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Etymology of Nectar, Research Paper Example

Pages: 3

Words: 693

Research Paper

I chose nectar, defined in Greek and Roman mythology as the drink of the gods, because it is a compound of two Indo-European roots and has a disputed, separate but parallel sense-relationship to ambrosia, which, defined again in mythological terms, is the food of the gods. So I will discuss it as well. Nectar is really two roots with two complex backgrounds, but in spite of their great age and distant geographical starting points, compared with other Indo-European roots of roughly equal age and distance they are practically unchanged as they are used today.

Nectar’s root is easy: just change the c to k: nek1. Easy too is the meaning of nek1: death. Nek1 itself has five forms which spawned words in both Latin and Greek that in turn made their way into common English usage. The very helpful Online Etymology Dictionary states that by the 1520s, English had created  pernicious effects  from the Latin root nex for death. From the same root by the 1660s (with the later assist of a misinterpretation by Dr. Samuel Johnson’s in his dictionary of 1755) we were fighting internecine wars. From the Latin nocēre (to hurt) we had, by the early 1400s, nuisances as we now know them; and by the mid 1400s nocent (the opposite of innocent); and by the 1590s nocuous (the opposite of innocuous). By the 1580s we had obnoxious brats from the Latin noxa for injury, hurt, and damage with liability; and by 1610 plenty of noxious fumes from the same root. From the Greek nekros for corpse, doctors were diagnosing necrosis (death of bodily tissue in a living person) by the 1660s, long after necromancy (the edgy craft of conferring with ghosts), which had been so named by about 1300. And finally, from the Greek nektar for the drink that made the gods immortal, by 1600 we had nectar, as in sweet liquid of flowers. Nectar’s suffix, –tar, is our jumping off point to the next Indo-European root form, terə.

Terə2  has a primary meaning of to cross over, overcome, and is the source of the “lowly” (Watkins 91) Latin preposition trāns, meaning across, beyond as found in transfigure. A “linguistic fossil,” it is a participle of terə2-, with traditions of crossing over. So when you drink nectar you are crossing over, overcoming, death: nek-tarə.

That same idea is expressed in a related Hittite verb root tarḫ (to overcome), a brief discussion of which I think is relevant here, as it shows how the Indo-European roots collect and organize themes from widely different languages, which then either change (or not), expand, or fade over time and location. So just as nectar conferred immortality, the above Hittite root did the same thing when it was combined with the name of a Hittite storm god named Tarḫunnaš (the Overcomer) who, in one retelling of the classic Indo-European myth of the slaying of a dragon, is temporarily defeated by a dragon named Illuyankas, who represents death, chaos, and dissolution. During every New Year festival, the monster overcame the Overcomer — who was restored during the following year.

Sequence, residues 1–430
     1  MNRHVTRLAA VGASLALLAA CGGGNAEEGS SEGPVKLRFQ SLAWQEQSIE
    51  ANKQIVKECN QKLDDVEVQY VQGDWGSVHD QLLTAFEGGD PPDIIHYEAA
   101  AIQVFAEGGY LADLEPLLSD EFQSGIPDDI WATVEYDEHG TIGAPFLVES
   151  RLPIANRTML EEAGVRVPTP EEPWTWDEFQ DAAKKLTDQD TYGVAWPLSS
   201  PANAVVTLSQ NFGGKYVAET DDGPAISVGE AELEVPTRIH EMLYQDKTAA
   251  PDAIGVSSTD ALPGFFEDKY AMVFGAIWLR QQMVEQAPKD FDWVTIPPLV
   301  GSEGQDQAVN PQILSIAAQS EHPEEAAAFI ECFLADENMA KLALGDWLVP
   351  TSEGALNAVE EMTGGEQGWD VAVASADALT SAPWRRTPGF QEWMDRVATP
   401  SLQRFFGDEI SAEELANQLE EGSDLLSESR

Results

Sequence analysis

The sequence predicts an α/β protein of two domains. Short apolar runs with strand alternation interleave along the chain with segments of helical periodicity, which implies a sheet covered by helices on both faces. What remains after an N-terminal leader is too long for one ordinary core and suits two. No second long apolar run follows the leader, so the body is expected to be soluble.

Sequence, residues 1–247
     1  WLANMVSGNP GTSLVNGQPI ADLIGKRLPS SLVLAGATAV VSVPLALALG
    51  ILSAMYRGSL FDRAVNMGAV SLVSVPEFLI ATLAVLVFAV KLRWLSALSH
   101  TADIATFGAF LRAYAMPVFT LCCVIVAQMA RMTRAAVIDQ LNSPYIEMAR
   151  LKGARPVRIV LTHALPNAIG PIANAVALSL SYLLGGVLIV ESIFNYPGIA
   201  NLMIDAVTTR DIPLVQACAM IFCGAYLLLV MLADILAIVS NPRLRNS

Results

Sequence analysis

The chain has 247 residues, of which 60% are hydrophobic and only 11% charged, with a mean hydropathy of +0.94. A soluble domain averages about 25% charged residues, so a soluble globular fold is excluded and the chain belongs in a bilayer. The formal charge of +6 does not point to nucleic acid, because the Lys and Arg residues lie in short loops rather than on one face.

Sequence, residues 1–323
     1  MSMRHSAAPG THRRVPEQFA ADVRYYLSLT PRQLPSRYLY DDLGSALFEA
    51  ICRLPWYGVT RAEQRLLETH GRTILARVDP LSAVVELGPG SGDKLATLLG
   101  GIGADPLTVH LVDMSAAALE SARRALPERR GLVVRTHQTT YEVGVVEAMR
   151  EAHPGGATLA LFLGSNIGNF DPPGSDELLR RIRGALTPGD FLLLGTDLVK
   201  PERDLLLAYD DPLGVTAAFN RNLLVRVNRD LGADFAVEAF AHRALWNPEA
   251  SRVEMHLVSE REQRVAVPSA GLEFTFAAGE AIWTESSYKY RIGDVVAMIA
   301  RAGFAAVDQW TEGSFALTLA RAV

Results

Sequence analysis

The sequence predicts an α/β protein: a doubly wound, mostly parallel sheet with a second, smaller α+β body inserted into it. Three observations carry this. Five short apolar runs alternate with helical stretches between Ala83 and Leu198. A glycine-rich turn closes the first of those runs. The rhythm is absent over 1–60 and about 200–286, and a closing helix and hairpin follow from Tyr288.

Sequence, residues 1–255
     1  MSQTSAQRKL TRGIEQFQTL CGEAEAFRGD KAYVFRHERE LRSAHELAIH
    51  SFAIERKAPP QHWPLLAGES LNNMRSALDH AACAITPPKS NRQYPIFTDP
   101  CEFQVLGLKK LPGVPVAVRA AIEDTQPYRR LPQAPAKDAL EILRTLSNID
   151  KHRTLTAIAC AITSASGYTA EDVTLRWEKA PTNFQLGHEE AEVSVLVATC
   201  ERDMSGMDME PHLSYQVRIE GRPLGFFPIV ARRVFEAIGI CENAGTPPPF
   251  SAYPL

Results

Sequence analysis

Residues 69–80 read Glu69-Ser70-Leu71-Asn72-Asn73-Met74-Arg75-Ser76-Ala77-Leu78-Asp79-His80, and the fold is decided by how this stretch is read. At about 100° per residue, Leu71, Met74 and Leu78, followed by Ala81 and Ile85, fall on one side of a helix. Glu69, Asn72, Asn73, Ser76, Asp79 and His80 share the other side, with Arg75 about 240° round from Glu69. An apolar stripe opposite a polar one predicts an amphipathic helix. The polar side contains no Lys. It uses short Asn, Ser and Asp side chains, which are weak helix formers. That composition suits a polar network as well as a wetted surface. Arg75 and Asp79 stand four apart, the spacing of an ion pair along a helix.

Next, ambrosia is believed by some to be linked in its sense origins to nectar, although its Indo-European root, mer-2, meaning to rub away, harm, and possibly to die, is itself unrelated to either nek-1 or terə-2.  The American Heritage dictionary reports that ambrosia’s source is the Greek ambrotos, which breaks down to the Latin a [not] + the Greek mbrotos to brotos, the latter both meaning mortal. Both nectar and ambrosia share the mythology of being food or drink conferring immortality on their those who ate or drank them, yet both have roots with cognates associated with death. In addition to those death-words identified with nectar through nek-1 , ambrosia is identified with remorse, morbid, mortify, murder, mortgage (“dead pledge”), mortuary, and nightmare.

I have diagrammed the three connections as follows:

Three Roots

Works Cited

The American Heritage College Dictionary, Boston, MA: Houghton Mifflin Harcourt, 1993. Print.

Online Etymology Dictionary. Retrieved from: http://www.etymonline.com /index.php?allowed_in_frame=0&search=ambrosia&searchmode=none

Watkins, Calvert. The American Heritage Dictionary of Indo-European Roots. Boston, MA: Houghton Mifflin Harcourt, 2000. Print.

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